THIRD-GENERATION DENTIST DR. NIKKI JONES BAILEY ON THE VIRTUE OF MISSION TRIPS AND DOWNTIME — AND WHY JUST ENOUGH TECHNOLOGY IS USUALLY JUST RIGHT.
MY CAREER IN DENTISTRY started in 2001. It’s in my blood; I’m a third-generation dentist. My grandfather, Dr. Lee Clarence Jones — Howard University School of Dentistry, class of 1924 — and my father, Dr. Clinton M. Jones — Howard Dental, class of 1959 — set the path.
After six years of group practice, I took a leap of faith and branched out on my own. Building a dental practice from scratch is not easy. The largest stumbling blocks were learning how to run a business and train a team — and maintain my sanity. I also wanted the latest technology but soon realized I’d go broke if I bought everything dentistry had to offer. So I introduce a new piece of technology each year.
Traveling to Africa [on seven mission trips] opened my eyes to a different world. There are places in Africa that are similar to the West, and then there are remote areas where people have no idea that doctors and hospitals exist.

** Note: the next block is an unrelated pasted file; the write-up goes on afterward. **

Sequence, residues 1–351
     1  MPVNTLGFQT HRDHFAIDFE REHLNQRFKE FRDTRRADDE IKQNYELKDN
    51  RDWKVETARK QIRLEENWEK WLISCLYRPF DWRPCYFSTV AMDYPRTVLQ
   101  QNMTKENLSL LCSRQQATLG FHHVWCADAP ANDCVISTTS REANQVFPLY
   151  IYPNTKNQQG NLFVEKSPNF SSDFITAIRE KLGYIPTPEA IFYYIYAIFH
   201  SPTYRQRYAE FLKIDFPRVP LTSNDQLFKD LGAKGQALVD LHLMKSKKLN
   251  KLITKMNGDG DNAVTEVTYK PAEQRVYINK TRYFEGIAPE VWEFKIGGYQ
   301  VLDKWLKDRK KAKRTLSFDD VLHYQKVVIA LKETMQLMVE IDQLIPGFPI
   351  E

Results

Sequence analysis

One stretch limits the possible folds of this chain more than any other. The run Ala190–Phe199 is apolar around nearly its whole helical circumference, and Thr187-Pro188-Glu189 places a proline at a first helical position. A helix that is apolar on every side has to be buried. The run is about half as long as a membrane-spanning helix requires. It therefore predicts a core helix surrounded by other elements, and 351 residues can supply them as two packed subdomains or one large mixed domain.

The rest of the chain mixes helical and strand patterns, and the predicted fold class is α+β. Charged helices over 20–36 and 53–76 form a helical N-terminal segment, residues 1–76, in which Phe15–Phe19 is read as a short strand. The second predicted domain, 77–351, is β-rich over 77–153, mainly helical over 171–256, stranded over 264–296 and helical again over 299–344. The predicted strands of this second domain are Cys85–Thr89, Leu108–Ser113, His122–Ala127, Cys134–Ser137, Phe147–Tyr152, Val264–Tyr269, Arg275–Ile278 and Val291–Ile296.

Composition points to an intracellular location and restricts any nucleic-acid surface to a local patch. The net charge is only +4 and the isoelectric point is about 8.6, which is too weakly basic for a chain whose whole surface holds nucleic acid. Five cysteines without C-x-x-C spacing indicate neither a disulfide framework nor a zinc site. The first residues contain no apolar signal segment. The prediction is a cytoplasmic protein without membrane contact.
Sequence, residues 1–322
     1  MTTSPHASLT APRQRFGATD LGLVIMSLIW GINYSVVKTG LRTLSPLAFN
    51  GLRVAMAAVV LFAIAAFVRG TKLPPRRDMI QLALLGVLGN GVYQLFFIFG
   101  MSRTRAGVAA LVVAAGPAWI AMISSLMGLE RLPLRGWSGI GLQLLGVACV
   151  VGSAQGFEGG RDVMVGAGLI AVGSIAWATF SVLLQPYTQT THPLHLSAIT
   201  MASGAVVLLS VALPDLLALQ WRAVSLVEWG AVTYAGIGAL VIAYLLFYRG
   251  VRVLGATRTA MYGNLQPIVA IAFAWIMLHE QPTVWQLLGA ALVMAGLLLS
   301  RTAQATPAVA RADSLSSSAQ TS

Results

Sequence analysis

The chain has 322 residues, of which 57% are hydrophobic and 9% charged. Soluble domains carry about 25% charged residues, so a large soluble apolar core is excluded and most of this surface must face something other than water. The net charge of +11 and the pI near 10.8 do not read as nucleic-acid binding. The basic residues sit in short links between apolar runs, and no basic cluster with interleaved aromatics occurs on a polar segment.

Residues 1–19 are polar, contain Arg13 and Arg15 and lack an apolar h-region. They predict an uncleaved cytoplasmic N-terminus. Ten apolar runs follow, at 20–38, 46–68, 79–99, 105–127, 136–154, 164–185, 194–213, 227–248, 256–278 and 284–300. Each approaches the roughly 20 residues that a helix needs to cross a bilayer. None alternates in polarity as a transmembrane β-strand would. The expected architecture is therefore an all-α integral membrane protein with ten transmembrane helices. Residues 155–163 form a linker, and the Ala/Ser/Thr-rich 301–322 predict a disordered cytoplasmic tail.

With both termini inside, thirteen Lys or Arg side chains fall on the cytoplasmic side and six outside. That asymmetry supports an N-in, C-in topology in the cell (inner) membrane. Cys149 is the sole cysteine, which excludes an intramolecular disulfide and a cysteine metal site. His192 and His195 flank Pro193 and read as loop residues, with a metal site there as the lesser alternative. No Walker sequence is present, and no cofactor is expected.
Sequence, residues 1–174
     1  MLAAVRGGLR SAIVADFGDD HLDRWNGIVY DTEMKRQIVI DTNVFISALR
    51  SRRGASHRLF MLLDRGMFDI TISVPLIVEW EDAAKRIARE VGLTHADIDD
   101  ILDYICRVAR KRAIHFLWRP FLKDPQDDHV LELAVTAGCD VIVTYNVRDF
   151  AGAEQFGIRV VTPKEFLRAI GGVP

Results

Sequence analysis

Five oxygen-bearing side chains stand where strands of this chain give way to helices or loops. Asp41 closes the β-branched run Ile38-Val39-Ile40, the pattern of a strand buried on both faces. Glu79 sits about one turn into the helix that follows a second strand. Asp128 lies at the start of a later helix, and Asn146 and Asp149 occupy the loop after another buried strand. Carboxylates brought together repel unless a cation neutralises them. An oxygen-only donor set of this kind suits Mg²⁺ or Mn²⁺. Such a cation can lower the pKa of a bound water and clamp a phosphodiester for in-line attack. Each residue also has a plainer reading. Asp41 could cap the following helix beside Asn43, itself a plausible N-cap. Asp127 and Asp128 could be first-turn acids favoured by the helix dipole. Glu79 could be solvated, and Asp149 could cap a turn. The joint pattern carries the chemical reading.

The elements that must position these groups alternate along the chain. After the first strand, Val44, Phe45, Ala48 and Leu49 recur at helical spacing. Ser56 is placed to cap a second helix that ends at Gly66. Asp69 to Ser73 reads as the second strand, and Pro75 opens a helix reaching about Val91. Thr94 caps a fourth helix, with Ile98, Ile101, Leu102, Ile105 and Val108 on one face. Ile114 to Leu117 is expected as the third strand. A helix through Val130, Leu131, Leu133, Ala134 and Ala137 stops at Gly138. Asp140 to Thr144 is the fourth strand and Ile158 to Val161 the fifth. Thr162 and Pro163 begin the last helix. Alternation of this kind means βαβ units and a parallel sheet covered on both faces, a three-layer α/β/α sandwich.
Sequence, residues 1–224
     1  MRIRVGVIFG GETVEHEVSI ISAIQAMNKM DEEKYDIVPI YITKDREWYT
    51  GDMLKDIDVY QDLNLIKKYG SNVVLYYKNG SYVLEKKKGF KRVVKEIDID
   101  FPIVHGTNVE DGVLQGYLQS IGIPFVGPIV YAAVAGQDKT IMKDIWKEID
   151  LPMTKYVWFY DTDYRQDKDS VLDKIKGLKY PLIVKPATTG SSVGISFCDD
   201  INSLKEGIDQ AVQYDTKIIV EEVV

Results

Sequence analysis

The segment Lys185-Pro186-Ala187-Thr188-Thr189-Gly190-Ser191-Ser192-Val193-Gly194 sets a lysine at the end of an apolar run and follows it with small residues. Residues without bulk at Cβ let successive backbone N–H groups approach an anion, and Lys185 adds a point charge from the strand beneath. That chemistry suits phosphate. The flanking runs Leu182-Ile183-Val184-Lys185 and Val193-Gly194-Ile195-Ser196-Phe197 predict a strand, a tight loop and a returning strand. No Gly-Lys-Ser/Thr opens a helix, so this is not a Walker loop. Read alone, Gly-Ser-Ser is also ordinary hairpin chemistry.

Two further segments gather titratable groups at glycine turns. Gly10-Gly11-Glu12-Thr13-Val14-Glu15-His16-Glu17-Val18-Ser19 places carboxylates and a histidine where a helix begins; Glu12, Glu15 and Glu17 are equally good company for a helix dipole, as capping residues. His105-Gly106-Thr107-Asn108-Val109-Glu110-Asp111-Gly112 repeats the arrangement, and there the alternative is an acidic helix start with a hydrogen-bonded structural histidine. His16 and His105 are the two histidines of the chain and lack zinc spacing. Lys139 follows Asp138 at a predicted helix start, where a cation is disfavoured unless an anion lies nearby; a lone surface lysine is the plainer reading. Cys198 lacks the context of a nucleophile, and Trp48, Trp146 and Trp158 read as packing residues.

Implants and airway management with 3D technology has been a game changer. I love my 3D X-ray technology, which enables a more comprehensive diagnosis and helps me plan accurate, minimally invasive implant surgeries.
CAD/CAM technology has also helped my practice grow. Providing a crown in a single visit is amazing. I feel in total control of my indirect restorations.
It’s important to have a life outside of dentistry. It keeps me balanced. Throughout my career, I’ve written and performed poetry. I learned how to salsa dance. I’m two belts short of a black belt in tae kwon do. I also practice yoga for strength and focus.
In high school I played saxophone in the marching band, and later in the jazz band. After high school, I kept in touch with my band teacher; he’s currently the leader of the Rowan County Big Band All-Stars, an 18-piece swing band that specializes in the Great American Songbook.
It fills my heart to help those in pain find relief. I use calming colors, soothing music and a soft voice and touch. I’ve watched toddler patients grow into adults with no fear of the dentist, and adults with bad memories of childhood dentistry relax — and sometimes fall asleep during treatment.